KODAK POLYCONTRAST III RC GLOSSY

Discussion in 'B&W: Film, Paper, Chemistry' started by akfotog, Jan 18, 2014.

  1. akfotog

    akfotog Member

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    Planning on printing on some expired Kodak Polycontrast III RC Glossy. I'm using Dektol, and Kodak's specification guide says to use a 1:9 ratio. I have always used Ilford Multigrades before, but my ratio has always been 1:3 in Dektol, should I follow Kodak's recommendation or use my 1:3 keeping a closer eye on the print development?
     
  2. mopar_guy

    mopar_guy Subscriber

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    It should be OK at 1:3.

    I would do a test for fog/Mottle. Take an unexposed sheet and cut it in half. Put one piece directly in the fixer, and the other for 1 1/2 minutes in the developer and then fix. Compare the two to see the level of fog.
     
  3. akfotog

    akfotog Member

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    Will try that mopar-guy, thanks.
     
  4. bernard_L

    bernard_L Member

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    This old paper is likely to have fog and lowered contrast. Recommendations:
    - Use a high contrast developer
    o Dektol undiluted (your suggested 1:3 goes in the wrong direction)
    o Dokumol (Tetenal)
    o mix-your-own following Ilford ID-14 (google...)
    - Add benzotriazole @ 0.3g/liter working strength developer to fight fog and improve highlight "snap". Note: the image will be slower to appear, and you may need to extend total development time, although undiluted Dektol should be rather fast.
    http://stores.photoformulary.com/-strse-373/Benzotriazole/Detail.bok
    10g @ $4.95 will last you a lifetime
    - Selenium tone (1:10). Will increase Dmax and dark tones "snap". Also nice in general with any paper.

    Sucess is not guaranteed, but that is you best chance. If you have a fairly large quantity of expired paper, may be worth the effort.
     
  5. Oren Grad

    Oren Grad Subscriber

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    This didn't sound right, so I dug up my copy of Kodak data sheet G-21 for Polycontrast III RC. The 1+9 recommendation is for Dektol liquid concentrate, which is a product I've never seen in the US and which I'm not sure even exists any more. For the more familiar Dektol mixed from powder, the recommendation is the usual 1+2.

    That said, if my experience with Kodak paper is any guide, you're likely to have a fog/contrast problem and may need to try the approaches already suggested.
     
  6. MattKing

    MattKing Subscriber

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    The print developer branded as "Polymax T" in North America is branded as "Liquid Dektol" in some other parts of the world.

    I am also not sure whether or not Polymax T/Liquid Dektol is still in production, but I know that it is my go-to print developer at the present time (I have inventory).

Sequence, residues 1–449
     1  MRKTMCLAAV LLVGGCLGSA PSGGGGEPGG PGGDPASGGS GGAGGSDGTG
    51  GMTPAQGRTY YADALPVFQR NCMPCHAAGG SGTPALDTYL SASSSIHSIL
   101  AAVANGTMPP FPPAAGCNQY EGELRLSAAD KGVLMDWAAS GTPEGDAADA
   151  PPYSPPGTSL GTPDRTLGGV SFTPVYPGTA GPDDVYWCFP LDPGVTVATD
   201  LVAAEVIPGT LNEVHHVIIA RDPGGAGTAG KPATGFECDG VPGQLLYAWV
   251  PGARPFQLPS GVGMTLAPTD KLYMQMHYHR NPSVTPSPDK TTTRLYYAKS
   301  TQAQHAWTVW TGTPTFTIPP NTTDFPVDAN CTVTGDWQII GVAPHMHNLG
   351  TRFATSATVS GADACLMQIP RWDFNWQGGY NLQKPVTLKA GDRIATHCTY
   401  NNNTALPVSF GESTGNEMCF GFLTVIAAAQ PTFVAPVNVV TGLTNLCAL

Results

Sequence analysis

7. Oren Grad

    Oren Grad Subscriber

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    Interesting, thanks - I never made the connection. Polymax T seems to be still readily available, so you should be in good shape for quite a while to come.
     
  8. Photo-gear

    Photo-gear Member

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    I got hold of this kind of paper and, all along of the 50 sheet pack, I used the same formula: Dektol 1:2.

    As bernard_L said, this papier is a little foggy after the expiration time, although this side effect did not happen on every sheet. Kind of strange. On the other hand, I found the contrast quite acceptable.

    I also noticed that the paper turns into B&W very quickly, much quickly than any Ilford papers.

    Here a sample of a scanned print:
    http://www.flickr.com/photos/29590283@N04/7683513040/in/photolist-cGY1JL

    .
     
  9. akfotog

    akfotog Member

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    Thanks for info all. Looks like I'll be spending a lot of time test-printing.
     
  10. lhalcong

    lhalcong Member

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    for Akfotog

    Hi Akfotog,

    I wonder what results you got if you already printed on this paper. I just got myself a pack of the same paper and wondering how yours turned out. What did you learn ? and what developer did you end up using ?
    my pack is expired 2006 . it seems like it may have been refrigerated in the past, but fridge was not working when I bought it (who knows how long) from this soon to be out of business shop.

    thanks
     
  11. Photo Engineer

    Photo Engineer Subscriber

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    I would like to make sure whether it is Polycontrast III or Polycontrast IV. The III is quite old, and ceased production years ago being replaced by the IV which lasted until about 2005 with expiration dates a bit later.

    The III should be foggy but the IV should be better.

    PE
     
  12. lhalcong

    lhalcong Member

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    absolutely, It is the III what do you recommend. ? Polymax Developer ? Dektop no dilution ?
     
  13. Photo Engineer

    Photo Engineer Subscriber

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    Use Dektol 1:2 or 1:3 and if foggy add some Benzotriazole as suggested earlier here.

    PE